An outbreak of Legionnaire's disease at the popular theme park has prompted authorities to shut down to cooling towers.
Authorities are trying to contain an outbreak out Legionnaires’ disease at the popular Disneyland theme park in California. There have been a dozen cases of this aggressive bacterial lung infection that have been uncovered in the last three weeks, according to the Orange County Health Care Agency.
The patients ranged in age from 52 to 94 years old, and all of them either lived in Anaheim or had spent some time there, with nine visiting Disneyland in September. One of the patients has died, authorities say, but fortunately there don’t appear to be any new cases since September.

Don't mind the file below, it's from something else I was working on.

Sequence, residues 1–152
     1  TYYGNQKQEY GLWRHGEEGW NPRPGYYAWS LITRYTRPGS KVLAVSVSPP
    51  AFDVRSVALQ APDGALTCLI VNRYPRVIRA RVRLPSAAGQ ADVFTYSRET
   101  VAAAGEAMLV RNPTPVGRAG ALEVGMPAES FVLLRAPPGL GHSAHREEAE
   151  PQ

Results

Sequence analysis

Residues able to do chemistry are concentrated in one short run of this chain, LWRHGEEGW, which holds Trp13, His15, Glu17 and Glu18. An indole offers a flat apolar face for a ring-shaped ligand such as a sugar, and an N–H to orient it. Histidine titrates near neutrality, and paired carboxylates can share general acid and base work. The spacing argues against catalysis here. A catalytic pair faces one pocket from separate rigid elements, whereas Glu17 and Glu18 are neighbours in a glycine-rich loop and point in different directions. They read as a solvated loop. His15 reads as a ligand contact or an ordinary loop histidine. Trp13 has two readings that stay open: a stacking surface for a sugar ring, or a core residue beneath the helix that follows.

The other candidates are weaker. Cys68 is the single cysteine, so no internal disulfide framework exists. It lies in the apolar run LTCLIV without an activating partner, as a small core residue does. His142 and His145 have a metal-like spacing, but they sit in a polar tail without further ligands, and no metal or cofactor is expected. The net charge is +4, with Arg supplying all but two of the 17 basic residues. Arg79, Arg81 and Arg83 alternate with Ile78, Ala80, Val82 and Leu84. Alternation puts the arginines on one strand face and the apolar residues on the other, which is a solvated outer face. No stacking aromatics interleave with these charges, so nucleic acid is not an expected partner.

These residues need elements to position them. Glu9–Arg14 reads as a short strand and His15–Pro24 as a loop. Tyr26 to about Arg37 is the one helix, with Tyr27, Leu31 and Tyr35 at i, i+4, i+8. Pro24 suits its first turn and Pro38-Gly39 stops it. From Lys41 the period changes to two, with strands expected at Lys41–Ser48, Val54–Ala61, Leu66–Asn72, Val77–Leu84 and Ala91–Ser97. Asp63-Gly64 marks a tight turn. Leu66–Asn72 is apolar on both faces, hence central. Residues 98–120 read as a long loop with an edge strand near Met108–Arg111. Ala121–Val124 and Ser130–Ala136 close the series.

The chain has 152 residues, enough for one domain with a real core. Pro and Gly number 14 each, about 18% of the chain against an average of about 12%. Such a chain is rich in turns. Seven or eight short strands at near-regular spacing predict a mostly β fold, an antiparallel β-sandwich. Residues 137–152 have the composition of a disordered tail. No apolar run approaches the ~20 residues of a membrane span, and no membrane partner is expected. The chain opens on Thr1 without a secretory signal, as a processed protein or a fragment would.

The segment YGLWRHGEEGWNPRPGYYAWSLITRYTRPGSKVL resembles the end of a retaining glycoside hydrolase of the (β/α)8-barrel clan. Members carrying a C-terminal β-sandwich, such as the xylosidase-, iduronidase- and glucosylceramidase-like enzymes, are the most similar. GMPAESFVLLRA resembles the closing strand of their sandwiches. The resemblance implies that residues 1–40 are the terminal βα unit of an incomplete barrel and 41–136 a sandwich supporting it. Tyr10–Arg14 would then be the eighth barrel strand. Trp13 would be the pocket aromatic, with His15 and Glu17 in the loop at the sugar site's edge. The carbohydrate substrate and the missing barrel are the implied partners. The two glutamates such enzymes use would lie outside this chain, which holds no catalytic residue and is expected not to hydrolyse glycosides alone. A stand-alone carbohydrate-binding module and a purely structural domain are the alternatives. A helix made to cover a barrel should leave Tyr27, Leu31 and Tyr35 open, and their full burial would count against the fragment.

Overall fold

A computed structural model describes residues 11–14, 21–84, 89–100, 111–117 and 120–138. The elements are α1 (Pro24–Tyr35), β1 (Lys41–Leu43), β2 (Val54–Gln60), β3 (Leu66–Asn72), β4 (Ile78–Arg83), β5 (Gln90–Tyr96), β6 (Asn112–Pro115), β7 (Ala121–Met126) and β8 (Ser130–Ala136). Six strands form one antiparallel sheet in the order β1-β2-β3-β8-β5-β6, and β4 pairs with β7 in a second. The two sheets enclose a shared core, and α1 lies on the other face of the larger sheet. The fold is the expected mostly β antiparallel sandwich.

Legionnaires’ can be spread by inhaling droplets from water sources that have been contaminated. Disneyland found that two of their cooling towers had elevated levels of the bacteria that causes the disease, prompting them to take them out of service.
“On Oct. 27, 2017, the Orange County Health Care Agency (OCHCA) notified local medical professionals of increased cases of Legionnaires’ disease in the Anaheim area. According to the OCHCA, the exposure period was Sept. 12-27,” Disney wrote in a statement. “Legionnaires’ disease is not contagious, cannot be transmitted person to person, and comes from a bacteria that is naturally in the environment, usually in water. It can become a health concern if it grows and spreads in human-made water systems and then comes in contact with vulnerable persons who inhale small droplets of contaminated water. Most people who are exposed to the bacteria do not become ill. Those at risk include people who are immunocompromised, those with chronic lung disease and the elderly. Legionnaires’ disease can have symptoms similar to pneumonia. Symptoms can include a high fever, chills, and a cough.”